The Black: a stealthy Honda CB350 from Australia

The Black: a stealthy 1971 Honda CB350 from Australian workshop 66 Motorcycles.
The Honda CB350 hits the sweet spot for a stylish urban commuter. It’s well made and nimble, with a dry weight of just 350 pounds or so.

It’ll comfortably crack the ton, if the parallel twin engine is in good nick. And in the States, you can pick up a good one for around a couple of grand.

This lovely resto-mod is from Australia, though, where the Honda CB350 is something of a rarity. It’s from Sixty-Six Motorcycles, who have just moved their shop from Perth to the slightly cooler climate of Fremantle on the coast of Western Australia.

The Black: a stealthy 1971 Honda CB350 from Australian workshop 66 Motorcycles.
“Our client wanted a classic, small-capacity street bike,” says Sixty-Six’s Peter Ellery. “With clip-ons and rearsets, and a tank from a CB200 in red.”

But the red tank didn’t make the cut, so this 1971 CB350 is now called ‘The Black.’ And it’s all the better for it—a tight, compact build that didn’t break the bank.

The Black: a stealthy 1971 Honda CB350 from Australian workshop 66 Motorcycles.
“We decided to build a bike that was not flashy,” says Peter. “A little bit conservative, but definitely not boring. Fun rather than demanding to ride—yet it always demands a second look.”

Sixty-Six have built a few small Hondas in the past, so they know how to make them sing. “Our head mechanic Paul races a very quick CB350 in the local Historics class. He knows the motors inside out, and knows how to make them handle well beyond their intended purpose.”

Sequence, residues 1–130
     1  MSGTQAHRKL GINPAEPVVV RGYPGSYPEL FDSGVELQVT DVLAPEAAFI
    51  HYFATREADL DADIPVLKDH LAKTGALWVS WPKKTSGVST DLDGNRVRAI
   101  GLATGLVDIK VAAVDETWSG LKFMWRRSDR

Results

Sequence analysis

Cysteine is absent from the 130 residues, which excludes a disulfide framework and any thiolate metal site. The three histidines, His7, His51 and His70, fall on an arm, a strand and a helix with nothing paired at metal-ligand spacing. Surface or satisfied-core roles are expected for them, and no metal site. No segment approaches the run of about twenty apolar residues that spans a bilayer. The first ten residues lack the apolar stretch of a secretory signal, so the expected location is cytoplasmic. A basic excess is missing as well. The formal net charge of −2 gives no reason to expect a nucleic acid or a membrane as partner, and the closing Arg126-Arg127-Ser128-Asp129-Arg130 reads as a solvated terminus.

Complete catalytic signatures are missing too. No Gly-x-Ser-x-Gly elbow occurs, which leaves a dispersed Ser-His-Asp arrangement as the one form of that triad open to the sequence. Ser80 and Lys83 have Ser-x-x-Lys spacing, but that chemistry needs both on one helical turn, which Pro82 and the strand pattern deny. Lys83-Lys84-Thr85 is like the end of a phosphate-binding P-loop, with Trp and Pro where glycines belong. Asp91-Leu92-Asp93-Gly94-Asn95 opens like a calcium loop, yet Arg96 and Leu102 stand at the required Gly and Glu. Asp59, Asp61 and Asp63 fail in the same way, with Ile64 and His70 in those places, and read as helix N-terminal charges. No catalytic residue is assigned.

The Black: a stealthy 1971 Honda CB350 from Australian workshop 66 Motorcycles.
The air-cooled motor now breathes through K&N filters, with rejetted dual Keihin carburetors for smooth running. Exhaust gases exit via 18-inch reverse cones: “A first for us on a small bike, we normally opt for 12-inch shorties,” says Peter. “The extra baffling produces a tasteful rumble, but it’s not loud enough to piss off the neighbors.”

The Black: a stealthy 1971 Honda CB350 from Australian workshop 66 Motorcycles.
The header pipes are original: they have some of the best curves around. “Honda nailed it. But we’d love to put on a set of less restrictive, hand bent pipes on one day,” says Peter.

Sixty-Six wanted to maintain the integrity of the original classic, so they’ve rebuilt rather than discard the drum brakes. The aluminum surfaces on the braking drum (and fork legs) have been vapor blasted, and the wheel hubs powder coated.

The Black: a stealthy 1971 Honda CB350 from Australian workshop 66 Motorcycles.
Other upgrades include stainless steel fenders, indicators from Posh, Tarozzi rearsets, and a vintage-style Daytona headlight and gauge combo. “It helps elongate the look of the bike. Originally we tried a Bates light, but this one is far more complementary. The billet style head light ears work with the exposed fork springs.”

The Black: a stealthy 1971 Honda CB350 from Australian workshop 66 Motorcycles.
The rear shocks are from highly regarded Australian maker Gazi, with soft springs and light damping. “They work in harmony with the front end, providing confidence-inspiring cornering and braking,” says Peter. “As much as can be had with drum brakes!” The tires are Avon AM26 Roadriders—a good mix of modern performance and classic looks.

The riding position is unapologetically lean-forward, but the seat cushioning is ample. (“The bike is actually very comfortable on a long ride.”)

The Black: a stealthy 1971 Honda CB350 from Australian workshop 66 Motorcycles.
It’s usually the CB750 that gets all the attention on the custom scene, but we’d take a CB350 any day. It’s better value, easier to throw around and has plenty enough power for tight city streets—what’s not to like?

66 Motorcycles | Facebook | Instagram

The Black: a stealthy 1971 Honda CB350 from Australian workshop 66 Motorcycles.